Winship Herr

Winship Herr obtained his B.A. from the University of California, Santa Cruz, and a Ph.D. in biochemistry and molecular biology from Harvard University, where he worked with Walter Gilbert. Following six months in the laboratory of Frederick Sanger at the MRC Laboratory of Molecular Biology in Cambridge, England, Herr joined Cold Spring Harbor Laboratory as a postdoctoral fellow in 1983. He was appointed to the laboratory staff in 1984, and remained until 2005, when he joined the University of Lausanne. In 1998, Herr spearheaded the establishment of the Watson School of Biological Sciences and the accreditation of CSHL as a Ph.D. degree-granting institution. He served as the school’s founding dean from 1998 to 2004. Besides being a Rita Allen Foundation Scholar, Herr is a former National Science Foundation predoctoral fellow, Helen Hay Whitney postdoctoral fellow and CSHL Lita Annenberg Hazen Professor of Biological Sciences. He is a member of the European Molecular Biology Organization and has received an honorary Doctor of Science degree from the Watson School of Biological Sciences.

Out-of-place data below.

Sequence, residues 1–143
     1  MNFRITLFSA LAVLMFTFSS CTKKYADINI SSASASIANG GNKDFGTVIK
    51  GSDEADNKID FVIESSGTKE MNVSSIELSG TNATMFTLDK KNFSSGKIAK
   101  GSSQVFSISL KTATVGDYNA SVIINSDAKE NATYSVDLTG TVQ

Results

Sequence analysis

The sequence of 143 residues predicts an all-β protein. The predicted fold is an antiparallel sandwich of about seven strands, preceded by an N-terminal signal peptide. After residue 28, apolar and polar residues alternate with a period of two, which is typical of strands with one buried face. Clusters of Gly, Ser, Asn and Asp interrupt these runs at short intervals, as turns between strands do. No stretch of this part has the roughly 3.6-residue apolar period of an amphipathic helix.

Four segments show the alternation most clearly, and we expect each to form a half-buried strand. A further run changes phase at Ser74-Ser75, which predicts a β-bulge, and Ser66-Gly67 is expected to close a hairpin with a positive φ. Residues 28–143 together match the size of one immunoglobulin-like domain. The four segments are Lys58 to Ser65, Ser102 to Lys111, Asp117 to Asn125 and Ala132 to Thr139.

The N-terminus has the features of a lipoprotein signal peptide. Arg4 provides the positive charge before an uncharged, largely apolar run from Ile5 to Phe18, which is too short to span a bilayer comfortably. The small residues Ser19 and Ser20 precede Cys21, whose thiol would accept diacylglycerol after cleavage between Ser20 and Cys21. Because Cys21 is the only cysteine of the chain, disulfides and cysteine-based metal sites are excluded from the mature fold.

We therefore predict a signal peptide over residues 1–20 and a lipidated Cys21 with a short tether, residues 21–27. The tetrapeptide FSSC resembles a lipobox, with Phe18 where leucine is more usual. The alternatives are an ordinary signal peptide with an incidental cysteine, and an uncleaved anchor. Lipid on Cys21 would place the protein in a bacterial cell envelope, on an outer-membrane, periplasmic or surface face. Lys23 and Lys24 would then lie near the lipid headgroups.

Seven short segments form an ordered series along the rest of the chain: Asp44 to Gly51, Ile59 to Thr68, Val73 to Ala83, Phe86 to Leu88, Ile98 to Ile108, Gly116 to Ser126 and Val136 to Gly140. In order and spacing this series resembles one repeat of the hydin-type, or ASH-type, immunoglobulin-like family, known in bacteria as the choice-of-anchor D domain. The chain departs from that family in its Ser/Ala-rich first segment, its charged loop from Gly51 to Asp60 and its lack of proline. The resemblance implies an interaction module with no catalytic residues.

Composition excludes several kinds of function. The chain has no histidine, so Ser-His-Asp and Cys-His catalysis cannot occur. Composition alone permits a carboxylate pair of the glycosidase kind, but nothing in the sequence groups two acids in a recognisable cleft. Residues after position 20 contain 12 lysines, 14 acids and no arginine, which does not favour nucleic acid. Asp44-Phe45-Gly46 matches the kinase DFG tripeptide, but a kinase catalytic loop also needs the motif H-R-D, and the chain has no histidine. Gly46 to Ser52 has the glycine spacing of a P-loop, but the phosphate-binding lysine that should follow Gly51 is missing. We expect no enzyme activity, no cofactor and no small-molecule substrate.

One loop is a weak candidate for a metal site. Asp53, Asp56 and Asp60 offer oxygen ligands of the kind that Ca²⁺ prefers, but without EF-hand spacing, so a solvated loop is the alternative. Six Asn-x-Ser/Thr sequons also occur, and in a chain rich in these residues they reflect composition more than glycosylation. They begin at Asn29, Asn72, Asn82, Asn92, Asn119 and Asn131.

Herr is interested in how the two complete sets of instructions contained within the genomes we inherit from our parents direct a single cell—the zygote—to become an adult human being. This process results from controlled patterns of gene expression that are maintained, as well as changed, during many rounds of cell division, differentiation and death. Control of gene transcription is fundamental to these processes—with genetic and epigenetic defects in transcriptional regulation often leading to human diseases, including cancer. To investigate transcriptional regulation, Herr’s laboratory studies HCF-1, a key regulator of human cell proliferation. Within our cells, HCF-1 resides at many transcriptional start sites, recognizing promoter-specific transcription factors and recruiting enzyme complexes involved in chromatin structure regulation (e.g., states of histone acetylation and methylation) for activation and repression of transcription.